US President Barack Obama said in Jordan on Friday that he was "very concerned" that neighbouring war-torn Syria could become an enclave for extremism.
"I am very concerned about Syria becoming an enclave for extremism because extremists thrive in chaos, they thrive in failed states, they thrive in power vacuums," he told a joint news conference in Amman with King Abdullah II.
Fears that extremists may seize more power in Syria have prompted US caution on the spiralling conflict.
Washington believes that one of the strongest Syrian opposition militias, Al- Nusra Front, is a terrorist organisation that is indistinguishable from the group Al-Qaeda in Iraq.
Obama also announced that he would ask the US Congress to provide $200 million in "budget support" for Jordan to provide for the refugees who the monarch said now numbered more than 460,000.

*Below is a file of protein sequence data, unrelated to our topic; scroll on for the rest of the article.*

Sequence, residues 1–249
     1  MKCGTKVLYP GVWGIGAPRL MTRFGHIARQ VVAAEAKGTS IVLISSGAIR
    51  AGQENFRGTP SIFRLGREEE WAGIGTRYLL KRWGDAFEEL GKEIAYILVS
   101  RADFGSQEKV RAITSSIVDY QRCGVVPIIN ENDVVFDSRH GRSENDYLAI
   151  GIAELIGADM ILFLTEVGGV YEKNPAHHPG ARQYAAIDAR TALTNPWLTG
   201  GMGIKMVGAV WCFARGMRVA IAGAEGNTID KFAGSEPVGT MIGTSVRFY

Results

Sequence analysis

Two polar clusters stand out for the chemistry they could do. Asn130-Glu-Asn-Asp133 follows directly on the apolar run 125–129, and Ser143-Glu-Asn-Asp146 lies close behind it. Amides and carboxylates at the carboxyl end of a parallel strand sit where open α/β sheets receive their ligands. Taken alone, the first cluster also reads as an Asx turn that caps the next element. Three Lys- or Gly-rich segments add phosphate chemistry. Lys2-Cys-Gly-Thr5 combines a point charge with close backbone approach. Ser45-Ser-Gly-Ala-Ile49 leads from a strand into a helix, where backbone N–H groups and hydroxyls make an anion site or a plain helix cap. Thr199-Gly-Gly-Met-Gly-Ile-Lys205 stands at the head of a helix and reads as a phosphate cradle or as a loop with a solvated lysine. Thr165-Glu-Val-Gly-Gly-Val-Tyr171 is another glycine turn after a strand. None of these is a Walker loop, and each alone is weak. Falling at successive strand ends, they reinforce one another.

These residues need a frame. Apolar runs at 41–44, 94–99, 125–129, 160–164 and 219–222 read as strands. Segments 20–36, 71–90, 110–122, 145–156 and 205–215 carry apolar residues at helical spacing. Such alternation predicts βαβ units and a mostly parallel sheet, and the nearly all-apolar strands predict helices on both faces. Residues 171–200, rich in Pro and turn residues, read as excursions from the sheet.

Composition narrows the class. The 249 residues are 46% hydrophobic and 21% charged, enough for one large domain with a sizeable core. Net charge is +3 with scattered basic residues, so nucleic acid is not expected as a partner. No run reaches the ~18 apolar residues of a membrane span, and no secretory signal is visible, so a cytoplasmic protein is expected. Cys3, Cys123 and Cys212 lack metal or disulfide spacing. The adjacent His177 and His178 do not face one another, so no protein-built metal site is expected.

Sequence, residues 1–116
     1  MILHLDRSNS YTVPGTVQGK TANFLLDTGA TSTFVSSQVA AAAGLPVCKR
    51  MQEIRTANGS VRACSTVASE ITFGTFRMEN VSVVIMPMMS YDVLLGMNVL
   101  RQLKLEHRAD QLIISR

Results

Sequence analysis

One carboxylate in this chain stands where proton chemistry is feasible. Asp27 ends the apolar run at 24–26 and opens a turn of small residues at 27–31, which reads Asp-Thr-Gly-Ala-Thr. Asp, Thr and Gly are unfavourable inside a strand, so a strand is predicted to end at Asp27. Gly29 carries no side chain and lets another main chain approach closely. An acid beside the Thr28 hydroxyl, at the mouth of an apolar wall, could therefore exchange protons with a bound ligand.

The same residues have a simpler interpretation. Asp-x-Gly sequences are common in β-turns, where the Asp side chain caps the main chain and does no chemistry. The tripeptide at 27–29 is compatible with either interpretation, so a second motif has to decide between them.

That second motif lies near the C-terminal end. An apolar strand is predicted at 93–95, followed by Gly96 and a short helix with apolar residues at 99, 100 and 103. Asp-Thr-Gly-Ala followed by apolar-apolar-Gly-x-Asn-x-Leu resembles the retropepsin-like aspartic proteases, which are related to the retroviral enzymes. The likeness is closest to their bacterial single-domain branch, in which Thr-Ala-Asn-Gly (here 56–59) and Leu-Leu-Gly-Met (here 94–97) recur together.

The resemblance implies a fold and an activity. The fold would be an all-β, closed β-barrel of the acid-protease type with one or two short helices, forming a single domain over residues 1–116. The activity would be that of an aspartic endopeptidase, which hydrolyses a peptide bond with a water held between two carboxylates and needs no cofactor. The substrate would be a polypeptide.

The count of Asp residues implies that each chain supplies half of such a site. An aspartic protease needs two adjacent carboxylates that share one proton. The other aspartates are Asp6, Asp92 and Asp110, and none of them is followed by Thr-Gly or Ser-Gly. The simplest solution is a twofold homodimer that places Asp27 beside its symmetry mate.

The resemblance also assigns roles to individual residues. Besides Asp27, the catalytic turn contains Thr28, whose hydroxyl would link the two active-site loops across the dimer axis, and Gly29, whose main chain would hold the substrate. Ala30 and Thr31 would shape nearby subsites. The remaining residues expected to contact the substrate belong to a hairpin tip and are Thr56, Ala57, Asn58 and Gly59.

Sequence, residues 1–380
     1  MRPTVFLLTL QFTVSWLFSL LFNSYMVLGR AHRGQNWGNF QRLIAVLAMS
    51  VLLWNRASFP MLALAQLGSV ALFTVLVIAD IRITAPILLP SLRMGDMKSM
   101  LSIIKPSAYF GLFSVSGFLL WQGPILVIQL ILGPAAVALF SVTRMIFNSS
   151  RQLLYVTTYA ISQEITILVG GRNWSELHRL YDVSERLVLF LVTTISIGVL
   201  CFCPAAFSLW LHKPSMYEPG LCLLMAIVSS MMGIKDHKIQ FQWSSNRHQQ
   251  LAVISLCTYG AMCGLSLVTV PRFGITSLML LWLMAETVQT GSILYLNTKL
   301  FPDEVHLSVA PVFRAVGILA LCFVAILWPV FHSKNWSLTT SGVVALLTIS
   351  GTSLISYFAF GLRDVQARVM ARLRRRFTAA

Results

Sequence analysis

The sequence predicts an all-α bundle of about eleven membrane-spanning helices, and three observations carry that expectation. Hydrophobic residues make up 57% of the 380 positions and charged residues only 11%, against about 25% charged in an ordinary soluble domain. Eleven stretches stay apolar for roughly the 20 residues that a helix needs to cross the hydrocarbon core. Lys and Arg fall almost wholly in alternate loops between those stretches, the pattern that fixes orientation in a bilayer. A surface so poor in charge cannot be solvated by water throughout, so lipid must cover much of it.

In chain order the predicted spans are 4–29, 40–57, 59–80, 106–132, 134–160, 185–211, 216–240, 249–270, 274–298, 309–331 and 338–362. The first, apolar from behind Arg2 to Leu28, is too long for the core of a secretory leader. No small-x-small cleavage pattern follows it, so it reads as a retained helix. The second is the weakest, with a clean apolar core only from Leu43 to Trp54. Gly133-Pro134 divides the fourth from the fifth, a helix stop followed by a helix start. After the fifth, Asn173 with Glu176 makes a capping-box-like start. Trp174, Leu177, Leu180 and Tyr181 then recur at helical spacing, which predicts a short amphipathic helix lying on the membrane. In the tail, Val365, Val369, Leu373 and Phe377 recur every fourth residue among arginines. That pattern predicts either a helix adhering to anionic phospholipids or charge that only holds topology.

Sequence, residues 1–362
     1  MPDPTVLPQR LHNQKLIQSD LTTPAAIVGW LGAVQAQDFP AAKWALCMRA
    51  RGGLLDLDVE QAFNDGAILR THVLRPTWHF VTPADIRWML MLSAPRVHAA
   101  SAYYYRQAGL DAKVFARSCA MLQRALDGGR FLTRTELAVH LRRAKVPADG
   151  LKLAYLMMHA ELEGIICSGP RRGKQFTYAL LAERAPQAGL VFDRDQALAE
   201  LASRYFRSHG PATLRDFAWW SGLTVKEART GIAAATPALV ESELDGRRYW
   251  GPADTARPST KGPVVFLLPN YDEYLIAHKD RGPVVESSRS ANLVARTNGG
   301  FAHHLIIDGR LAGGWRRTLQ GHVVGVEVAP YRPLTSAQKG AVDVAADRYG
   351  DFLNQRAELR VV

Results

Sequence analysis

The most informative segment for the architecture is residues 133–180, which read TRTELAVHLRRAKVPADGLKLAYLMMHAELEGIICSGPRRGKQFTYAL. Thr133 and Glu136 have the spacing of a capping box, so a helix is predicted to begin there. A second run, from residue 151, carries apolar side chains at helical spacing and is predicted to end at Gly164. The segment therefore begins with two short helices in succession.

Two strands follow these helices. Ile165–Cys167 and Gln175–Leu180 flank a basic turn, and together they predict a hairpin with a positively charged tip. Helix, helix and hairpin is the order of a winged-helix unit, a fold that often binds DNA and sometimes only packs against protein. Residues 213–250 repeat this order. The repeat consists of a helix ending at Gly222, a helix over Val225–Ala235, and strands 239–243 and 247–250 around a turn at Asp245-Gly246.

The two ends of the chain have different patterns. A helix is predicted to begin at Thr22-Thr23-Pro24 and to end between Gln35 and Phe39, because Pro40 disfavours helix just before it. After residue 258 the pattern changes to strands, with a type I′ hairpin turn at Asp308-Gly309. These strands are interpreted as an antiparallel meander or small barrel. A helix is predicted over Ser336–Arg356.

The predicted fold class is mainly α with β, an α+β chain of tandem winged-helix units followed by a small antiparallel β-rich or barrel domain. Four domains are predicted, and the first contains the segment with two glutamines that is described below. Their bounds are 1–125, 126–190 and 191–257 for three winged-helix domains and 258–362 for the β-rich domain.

The American president, who arrived in Jordan to face scrutiny over his Syria strategy, said the funds would help cash-strapped Jordan provide more humanitarian services to Syrian refugees.
He said it was "heart-breaking" to see the suffering of Syrian children.
"It's heart-breaking for any parent to see children going through tumult," he told reporters.
At least 120,000 Syrian refugees are in the sprawling northern border camp of Zaatari alone, and Jordan has repeatedly complained that the growing numbers of Syrians, expected to reach 700,000 this year, is draining its already limited resources.